According to Chris, the cybersecurity industry is booming:

The cybersecurity market is expected to grow at a compound annual growth rate of about 18% from 2015 through 2020. That would take it from a $75 billion a year market to a $170 billion a year market over the next five years.

• It’s becoming harder for companies to defend themselves from cyber-attacks…

Chris explains:

Businesses’ networks are growing increasingly complex and difficult to secure. Meanwhile, the tools available to hackers are more sophisticated and easier to use. And the financial incentives of cybercrime continue to increase.

The old “block and protect” model of security is obsolete. That’s why companies are spending more each year on new security methods.

• This year, Chris recommended two of the world’s most innovative cybersecurity companies…

One of those stocks is up 27% since April. The other is up 26% in just over a month.

Chris thinks both stocks will go much higher. But he doesn’t recommend buying them at current prices. New investors should wait for a pullback before pulling the trigger.

The good news is that Chris is following several other exciting, lucrative tech trends right now. One technology where Chris sees a HUGE opportunity is drones. As you may know, a drone is a flying vehicle that an operator controls remotely, operates autonomously, or some combination of the two.

Chris recommended three drone companies in January. He says all three stocks could jump 50% or more. And it’s not too late to invest in the companies either. All three stocks are still “Buys” at current prices.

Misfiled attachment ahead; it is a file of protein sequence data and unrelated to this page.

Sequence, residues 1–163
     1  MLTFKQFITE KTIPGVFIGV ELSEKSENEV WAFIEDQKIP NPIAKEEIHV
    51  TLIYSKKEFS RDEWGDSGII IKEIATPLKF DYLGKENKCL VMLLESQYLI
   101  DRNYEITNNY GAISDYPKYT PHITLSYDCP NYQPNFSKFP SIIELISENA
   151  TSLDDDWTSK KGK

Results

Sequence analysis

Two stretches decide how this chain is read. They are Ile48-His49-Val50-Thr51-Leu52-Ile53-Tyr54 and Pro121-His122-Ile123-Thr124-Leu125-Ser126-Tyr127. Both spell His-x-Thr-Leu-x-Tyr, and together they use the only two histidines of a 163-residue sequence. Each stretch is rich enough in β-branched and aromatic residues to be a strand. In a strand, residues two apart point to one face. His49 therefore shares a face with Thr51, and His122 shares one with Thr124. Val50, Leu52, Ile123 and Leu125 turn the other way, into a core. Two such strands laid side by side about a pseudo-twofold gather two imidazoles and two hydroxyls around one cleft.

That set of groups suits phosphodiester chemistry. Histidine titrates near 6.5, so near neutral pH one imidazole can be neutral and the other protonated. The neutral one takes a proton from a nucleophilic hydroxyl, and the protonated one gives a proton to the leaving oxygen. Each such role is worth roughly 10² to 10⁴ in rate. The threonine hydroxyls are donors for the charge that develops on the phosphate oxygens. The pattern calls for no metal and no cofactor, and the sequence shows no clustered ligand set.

You can learn more about Chris’ top cybersecurity and drone stocks by signing up for Extraordinary Technology. Click here to begin your risk-free trial.

Chart of the Day

Commercial loan delinquencies are rising at their fastest pace on record…

As you may know, a loan becomes delinquent when a borrower gets 30 days behind on his debt payment. A borrower will become delinquent on his debt before he files for bankruptcy.

That’s why we watch delinquencies so closely. A big jump in delinquencies can signal problems in the debt market long before you see a surge in bankruptcies.

As today’s chart shows, the number of delinquent commercial loans (30 days or more) has spiked to new highs. In fact, delinquencies are rising faster today than they did during the 2008–2009 financial crisis.

Casey Report editor E.B. Tucker explains why this is such a huge problem—and how to protect your money from it—in this free video presentation. Click here to watch.


Justin Spittler
Delray Beach, Florida
June 7, 2016